Cokeville is situated at the confluence of the Bear River and Smiths Fork valleys. Between 1812 and 1828, these valleys were the domain of American Indians, fur trappers and traders; during the 1830s and 1840’s they became a well-traveled pathway of emigrant trains traveling to Oregon and California. Known as “Smiths Fork on the Bear River” to fur trappers and pioneers, Cokeville acquired its permanent name after the discovery of near-by coal deposits that produced coke, an intense burning, virtually smokeless product.
The Mormon Church sent the first permanent settlers to the area in 1874 to found a community. Sylvanus Collett and Robert Gee arrived with their families at the Smiths Fork River, soon to be followed by the John Bourne family. The men trapped, hunted, and traded hides, furs, and extra meat for supplies in Evanston, Wyoming, about 70 miles south. The trip to Evanston was arduous; winter journeys were sometimes made on the frozen Bear River. The launching of the Oregon Short Line in 1881 made travel easier. The railroad stimulated trade, changing the center of the main settlement to the vicinity of the tracks.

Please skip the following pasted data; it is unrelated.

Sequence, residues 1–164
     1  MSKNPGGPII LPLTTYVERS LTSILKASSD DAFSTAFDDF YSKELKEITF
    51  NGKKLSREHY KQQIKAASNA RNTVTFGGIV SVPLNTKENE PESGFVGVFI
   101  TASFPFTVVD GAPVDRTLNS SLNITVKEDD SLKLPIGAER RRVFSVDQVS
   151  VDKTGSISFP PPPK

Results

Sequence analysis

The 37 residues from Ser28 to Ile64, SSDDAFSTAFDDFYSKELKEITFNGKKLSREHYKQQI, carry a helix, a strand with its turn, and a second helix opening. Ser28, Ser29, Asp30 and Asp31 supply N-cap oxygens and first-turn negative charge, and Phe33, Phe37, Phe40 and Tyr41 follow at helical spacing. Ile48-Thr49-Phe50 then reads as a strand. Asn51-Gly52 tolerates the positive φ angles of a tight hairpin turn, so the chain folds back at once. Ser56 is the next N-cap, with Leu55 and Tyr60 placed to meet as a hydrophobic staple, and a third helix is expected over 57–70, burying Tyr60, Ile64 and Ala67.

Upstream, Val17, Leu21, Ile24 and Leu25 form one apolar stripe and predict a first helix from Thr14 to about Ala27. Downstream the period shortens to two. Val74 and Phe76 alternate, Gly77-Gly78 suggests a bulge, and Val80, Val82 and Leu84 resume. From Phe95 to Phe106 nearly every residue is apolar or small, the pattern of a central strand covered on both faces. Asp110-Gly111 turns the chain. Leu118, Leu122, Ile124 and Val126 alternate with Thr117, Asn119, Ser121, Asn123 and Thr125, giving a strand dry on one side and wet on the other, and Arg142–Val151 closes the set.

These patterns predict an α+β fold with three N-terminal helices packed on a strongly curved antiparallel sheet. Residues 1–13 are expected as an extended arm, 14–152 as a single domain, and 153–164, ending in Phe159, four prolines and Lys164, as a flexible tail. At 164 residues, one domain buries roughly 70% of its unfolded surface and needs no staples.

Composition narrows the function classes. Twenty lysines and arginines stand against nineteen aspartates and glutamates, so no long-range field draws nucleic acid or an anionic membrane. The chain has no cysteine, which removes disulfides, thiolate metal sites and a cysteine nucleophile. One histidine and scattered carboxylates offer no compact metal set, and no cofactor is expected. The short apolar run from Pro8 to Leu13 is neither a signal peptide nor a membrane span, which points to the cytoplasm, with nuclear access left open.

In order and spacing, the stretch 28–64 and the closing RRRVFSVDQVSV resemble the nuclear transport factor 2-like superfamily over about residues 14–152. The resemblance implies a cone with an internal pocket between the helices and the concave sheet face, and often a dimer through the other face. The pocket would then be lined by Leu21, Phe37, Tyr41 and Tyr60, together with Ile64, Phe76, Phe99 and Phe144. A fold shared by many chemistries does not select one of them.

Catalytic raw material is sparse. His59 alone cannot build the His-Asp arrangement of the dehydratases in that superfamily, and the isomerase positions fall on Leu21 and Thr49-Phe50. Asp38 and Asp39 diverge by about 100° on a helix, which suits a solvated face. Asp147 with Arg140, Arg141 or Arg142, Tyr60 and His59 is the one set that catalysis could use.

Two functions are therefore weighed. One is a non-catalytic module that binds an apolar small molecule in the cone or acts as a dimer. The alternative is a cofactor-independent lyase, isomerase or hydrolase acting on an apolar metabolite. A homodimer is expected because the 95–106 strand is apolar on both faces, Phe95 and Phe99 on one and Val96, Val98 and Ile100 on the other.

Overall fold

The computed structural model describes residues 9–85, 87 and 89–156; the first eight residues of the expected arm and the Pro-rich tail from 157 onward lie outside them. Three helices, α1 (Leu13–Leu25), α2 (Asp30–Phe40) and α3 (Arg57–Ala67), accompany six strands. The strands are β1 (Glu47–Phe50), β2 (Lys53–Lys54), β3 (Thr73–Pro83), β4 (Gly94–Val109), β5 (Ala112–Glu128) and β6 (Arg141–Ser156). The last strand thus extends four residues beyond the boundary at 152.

Prior to 1906, Cokeville consisted of two saloons, a hotel, a general store, and boarding houses. In the next nine years it incorporated and added a state bank, a newspaper, a water system, and electric lighting. In 1922, Cokeville made national headlines when Ethel Stoner became mayor and two other females won seats on the town council. The women ran on a law enforcement ticket, although, once in office, they found local police disinclined to enforce Prohibition laws then in force. After U.S. Highway 30 was commissioned through the town in 1926 then surfaced with oil in 1935, Cokeville found itself on a major cross-country route. The highway continues to play an important role in the town’s economy.